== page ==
DNA Repair in Mammalian Cells

Nucleotide excision repair: variations on versatility


Nucleotide excision repair (NER) is one of the most versatile DNA repair systems. It can be subdivided into several, differentially regulated, subpathways: global genome repair (GGR), transcription-coupled repair (TCR), and transcription domain-associated repair (DAR). This review begins with a brief overview of the numerous types of DNA lesions handled by NER, and proceeds to describe in detail the molecular mechanisms of NER. It then addresses heterogeneities in NER activity in physiological situations (e. g. in differentiated cells) and explores the underlying regulatory mechanism. It then reviews several inherited diseases associated with NER deficiencies: xeroderma pigmentosum, Cockayne syndrome, trichothiodystrophy, UV-sensitive syndrome. It concludes by discussing several currently unresolved issues, relating either to the cause of the above diseases or to the mechanistic details of the various NER subpathways and of their regulation. (Part of a Multi-author Review)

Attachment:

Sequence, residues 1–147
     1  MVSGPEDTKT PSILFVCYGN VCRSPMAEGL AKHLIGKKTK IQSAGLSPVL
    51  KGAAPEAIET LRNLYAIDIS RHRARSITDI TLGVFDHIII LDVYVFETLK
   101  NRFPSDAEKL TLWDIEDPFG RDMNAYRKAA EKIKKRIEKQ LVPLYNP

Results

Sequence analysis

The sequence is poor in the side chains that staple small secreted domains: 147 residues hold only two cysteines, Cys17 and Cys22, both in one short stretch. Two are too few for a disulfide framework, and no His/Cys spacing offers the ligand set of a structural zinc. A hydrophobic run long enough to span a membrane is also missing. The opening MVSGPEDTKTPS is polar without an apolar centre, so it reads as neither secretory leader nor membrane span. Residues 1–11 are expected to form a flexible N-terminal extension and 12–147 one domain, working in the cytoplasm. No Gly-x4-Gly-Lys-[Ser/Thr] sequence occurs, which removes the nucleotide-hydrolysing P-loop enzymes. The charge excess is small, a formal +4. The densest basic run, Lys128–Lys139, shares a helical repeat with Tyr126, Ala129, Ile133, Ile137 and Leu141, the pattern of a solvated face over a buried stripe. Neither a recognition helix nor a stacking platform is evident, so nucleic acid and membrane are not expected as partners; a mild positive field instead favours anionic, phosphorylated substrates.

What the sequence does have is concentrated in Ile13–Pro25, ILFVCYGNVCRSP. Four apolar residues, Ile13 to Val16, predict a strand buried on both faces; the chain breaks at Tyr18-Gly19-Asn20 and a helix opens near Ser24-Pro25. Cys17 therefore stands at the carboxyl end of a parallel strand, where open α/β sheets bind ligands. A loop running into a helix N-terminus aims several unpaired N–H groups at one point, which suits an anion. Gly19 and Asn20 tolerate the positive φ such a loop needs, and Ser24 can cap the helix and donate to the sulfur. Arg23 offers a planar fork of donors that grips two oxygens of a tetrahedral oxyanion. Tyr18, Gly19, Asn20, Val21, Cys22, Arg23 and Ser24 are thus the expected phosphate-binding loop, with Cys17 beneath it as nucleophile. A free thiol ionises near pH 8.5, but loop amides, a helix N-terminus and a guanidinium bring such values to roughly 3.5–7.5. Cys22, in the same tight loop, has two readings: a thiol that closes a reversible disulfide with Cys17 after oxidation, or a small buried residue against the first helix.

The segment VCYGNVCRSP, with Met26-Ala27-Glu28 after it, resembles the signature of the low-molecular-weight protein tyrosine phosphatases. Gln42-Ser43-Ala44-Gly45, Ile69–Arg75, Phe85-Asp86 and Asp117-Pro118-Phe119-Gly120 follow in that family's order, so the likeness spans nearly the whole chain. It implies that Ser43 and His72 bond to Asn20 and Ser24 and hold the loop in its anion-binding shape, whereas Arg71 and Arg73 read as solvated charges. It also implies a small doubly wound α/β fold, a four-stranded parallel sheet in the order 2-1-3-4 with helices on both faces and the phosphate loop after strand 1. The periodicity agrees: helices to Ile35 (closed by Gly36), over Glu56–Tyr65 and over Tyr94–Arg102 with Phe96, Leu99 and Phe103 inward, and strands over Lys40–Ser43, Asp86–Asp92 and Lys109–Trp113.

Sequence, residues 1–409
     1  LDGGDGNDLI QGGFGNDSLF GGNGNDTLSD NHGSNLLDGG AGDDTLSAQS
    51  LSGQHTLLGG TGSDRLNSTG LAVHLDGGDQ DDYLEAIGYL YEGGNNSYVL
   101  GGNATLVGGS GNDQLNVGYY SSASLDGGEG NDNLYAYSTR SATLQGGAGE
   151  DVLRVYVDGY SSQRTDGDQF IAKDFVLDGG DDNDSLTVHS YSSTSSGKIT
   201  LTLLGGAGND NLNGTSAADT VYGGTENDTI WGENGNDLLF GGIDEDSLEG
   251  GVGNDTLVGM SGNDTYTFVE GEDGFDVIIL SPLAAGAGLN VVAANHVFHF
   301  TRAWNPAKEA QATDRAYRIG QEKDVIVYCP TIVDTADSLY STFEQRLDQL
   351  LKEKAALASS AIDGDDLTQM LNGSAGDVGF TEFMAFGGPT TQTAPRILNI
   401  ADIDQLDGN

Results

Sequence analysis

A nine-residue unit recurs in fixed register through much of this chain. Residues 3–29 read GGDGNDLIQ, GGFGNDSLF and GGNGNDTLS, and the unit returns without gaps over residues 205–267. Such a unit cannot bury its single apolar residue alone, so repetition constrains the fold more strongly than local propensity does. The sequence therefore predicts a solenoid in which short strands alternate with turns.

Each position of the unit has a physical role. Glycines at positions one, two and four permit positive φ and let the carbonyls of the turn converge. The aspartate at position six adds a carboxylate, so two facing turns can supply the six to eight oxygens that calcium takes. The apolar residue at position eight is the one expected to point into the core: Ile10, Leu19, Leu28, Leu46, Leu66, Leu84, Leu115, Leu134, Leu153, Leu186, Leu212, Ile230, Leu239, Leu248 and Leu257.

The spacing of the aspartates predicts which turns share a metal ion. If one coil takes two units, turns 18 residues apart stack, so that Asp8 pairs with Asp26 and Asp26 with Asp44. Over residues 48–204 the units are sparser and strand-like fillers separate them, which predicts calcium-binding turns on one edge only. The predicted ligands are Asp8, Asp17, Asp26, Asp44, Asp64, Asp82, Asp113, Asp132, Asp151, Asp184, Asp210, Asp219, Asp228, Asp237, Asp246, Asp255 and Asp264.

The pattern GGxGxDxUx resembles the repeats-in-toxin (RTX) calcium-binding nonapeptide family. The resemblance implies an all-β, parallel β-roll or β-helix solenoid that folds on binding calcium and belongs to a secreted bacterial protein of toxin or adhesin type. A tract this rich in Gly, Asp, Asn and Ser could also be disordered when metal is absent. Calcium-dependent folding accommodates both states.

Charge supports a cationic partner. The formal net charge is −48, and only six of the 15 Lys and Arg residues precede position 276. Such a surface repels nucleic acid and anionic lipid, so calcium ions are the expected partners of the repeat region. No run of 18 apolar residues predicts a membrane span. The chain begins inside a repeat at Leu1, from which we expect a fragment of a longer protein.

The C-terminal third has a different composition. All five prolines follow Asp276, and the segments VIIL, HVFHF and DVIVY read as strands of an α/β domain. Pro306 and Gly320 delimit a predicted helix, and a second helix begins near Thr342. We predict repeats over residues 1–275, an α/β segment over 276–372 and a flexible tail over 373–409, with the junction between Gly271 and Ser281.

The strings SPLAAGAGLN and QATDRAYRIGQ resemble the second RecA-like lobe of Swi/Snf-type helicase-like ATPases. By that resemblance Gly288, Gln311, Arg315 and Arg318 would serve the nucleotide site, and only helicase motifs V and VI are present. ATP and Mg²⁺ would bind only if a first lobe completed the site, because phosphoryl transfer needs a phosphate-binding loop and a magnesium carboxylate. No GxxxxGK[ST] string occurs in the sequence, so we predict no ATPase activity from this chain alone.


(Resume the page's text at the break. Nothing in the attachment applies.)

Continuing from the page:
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Correspondence to T. Nouspikel.

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Nouspikel, T. DNA Repair in Mammalian Cells. Cell. Mol. Life Sci. 66, 994–1009 (2009). https://doi.org/10.1007/s00018-009-8737-y

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  • DNA repair
  • nucleotide excision repair
  • transcription-coupled repair
  • domain-associated repair
  • xeroderma pigmentosum
  • Cockayne syndrome
  • trichothiodystrophy
  • UV-sensitive syndrome
  • cellular differentiation